Sustainable Fish

It all started with a pack of wild Alaskan salmon I bought at my local Waitrose grocery store. My first reaction was shock at seeing sockeye from the U.S. west coast way over here in London. My second reaction was surprise at how cheap the price was – a bargain at 6.99GBP for two portions. In the U.S. I would pay $20/lb and up. There were a lot of unanswered questions in my mind about how the fish got here and whether it was a better choice than farmed salmon, which is omnipresent throughout the UK.

This lead me to a class on sustainable seafood at the Billingsgate Seafood School in Canary Wharf. It started at an eye watering 6 a.m. and was headed up by the bubbly C.J. Jackson, Chief Executive of the school. We started off with a tour of the market, which was bustling at that time in the morning.

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C.J. gave us the lowdown on sustainability and origin of product at every stop. Asian distributors are bringing in more exotic varieties, like these parrot fish.

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Lots of native species were front and center, such as these pretty lobsters.

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A dresser full of live eels gave me the quivers!

Seaweed harvested around the U.K. is becoming more and more popular.

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Gorgeous farmed oysters from the island of Jersey.

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After the tour we reconvened above the market. There are conference rooms, a comfortable dining room and a full-on professional kitchen. Kippers, buttered toast and coffee were served. For those new to kippers, the cook said, “They taste just like bacon” , which they did, if a tad bonier!

Presenters from some of the biggest wholesalers were up next. Direct Seafood, New England Seafood and the head of the Norwegian Seafood Council all gave background and updates on sustainability in the marketplace.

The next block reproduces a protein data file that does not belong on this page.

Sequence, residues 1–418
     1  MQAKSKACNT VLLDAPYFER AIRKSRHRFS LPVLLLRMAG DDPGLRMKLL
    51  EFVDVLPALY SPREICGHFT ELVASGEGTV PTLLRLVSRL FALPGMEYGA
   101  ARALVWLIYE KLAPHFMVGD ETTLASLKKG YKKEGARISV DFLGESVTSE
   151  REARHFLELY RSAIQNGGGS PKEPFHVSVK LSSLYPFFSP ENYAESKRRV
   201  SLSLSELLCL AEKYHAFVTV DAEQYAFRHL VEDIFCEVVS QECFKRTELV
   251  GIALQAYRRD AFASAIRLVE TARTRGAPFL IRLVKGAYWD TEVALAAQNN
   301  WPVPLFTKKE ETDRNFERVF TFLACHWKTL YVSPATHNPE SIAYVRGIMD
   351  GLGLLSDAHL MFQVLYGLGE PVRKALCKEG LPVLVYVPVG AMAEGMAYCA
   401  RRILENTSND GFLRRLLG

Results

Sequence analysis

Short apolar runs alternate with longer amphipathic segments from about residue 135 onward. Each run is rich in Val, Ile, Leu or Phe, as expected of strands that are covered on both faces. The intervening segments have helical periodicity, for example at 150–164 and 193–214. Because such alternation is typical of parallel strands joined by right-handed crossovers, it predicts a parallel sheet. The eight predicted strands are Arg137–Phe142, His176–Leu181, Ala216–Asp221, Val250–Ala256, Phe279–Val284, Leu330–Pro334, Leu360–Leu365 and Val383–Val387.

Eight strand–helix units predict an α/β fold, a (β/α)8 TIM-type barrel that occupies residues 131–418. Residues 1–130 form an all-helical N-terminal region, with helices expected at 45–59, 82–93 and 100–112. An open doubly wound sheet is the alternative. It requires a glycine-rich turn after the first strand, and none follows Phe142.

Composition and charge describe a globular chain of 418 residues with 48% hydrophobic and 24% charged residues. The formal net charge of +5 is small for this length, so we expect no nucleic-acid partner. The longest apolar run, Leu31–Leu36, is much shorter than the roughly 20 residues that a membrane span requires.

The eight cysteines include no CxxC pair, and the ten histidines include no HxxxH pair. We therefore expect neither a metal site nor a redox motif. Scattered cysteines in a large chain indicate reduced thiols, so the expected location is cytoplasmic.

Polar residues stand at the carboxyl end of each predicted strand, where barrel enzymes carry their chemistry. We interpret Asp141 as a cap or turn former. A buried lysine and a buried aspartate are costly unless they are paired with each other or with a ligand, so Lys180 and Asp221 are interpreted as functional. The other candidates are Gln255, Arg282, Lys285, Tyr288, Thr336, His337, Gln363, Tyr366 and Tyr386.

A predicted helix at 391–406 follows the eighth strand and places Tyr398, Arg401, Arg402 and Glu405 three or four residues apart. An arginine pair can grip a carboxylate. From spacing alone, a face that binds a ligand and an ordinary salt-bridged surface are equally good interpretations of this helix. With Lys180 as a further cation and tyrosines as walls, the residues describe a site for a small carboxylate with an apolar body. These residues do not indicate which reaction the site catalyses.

There are several certification organizations and watch dog groups that share information on wild fish as well as oversee farmed seafood. The most noteworthy for the consumer are the Marine Stewardship Council (MSC), the Marine Conservation Society (MCS) and the Aquaculture Stewardship Council (ASC). MSC certifies through a third party rating system what wild seafood is sustainable; in 2017 just 12 % of wild caught seafood was certified. Therefore farmed fish and shellfish is important to the future supply of protein to feed the world. The ASC oversees the operation of seafood farms verifying they are environmentally and sustainably managed. The MCS produces “The Good Fish Guide“, a valuable tool that consumers can use to determine which fish are the most sustainable, both farmed and wild caught.

It is ultimately up to the consumer, however, to make sure they are getting a fully sustainable product. If the packaging is labelled with an MSC or ASC sticker then you can be assured you are getting the most sustainable seafood on the market. If there is no label then you need to ask questions. For wild fish, find out where the fish comes from and how it was caught. For farmed seafood, ask where the farm is, what type of food the fish is fed and if any antibiotics are part of the diet. Download the Good Fish Guide app to your phone so you can refer to it.

The listings for what is sustainable are shifting constantly so it’s more imperative than ever to be informed. By voting with your pocketbook you can reduce the negative impact on the environment and contribute to healthy oceans while enjoying wonderful fish and shellfish.

By the way, that wild Alaskan salmon I get from Waitrose, is labelled with the MSC label. The carbon footprint is high for getting it to London from Alaska but it may just be more sustainable than farmed salmon and to my palate, it tastes better.

 

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Garlic and Herb Butter Oysters

1 dozen ASC certified oysters

75 grams salted butter, room temperature

2 tablespoons chopped parsley

2 garlic cloves, minced

Preheat oven to 200C. Shuck the oysters and sit each one in the cup of a muffin tin to keep the liquor in tact. Mash the butter with the garlic and parsley and divide the mixture between the oysters. Roast in the oven until the butter melts and the oysters are just cooked through, about 5 minutes. Serve with fresh lemon for squeezing.

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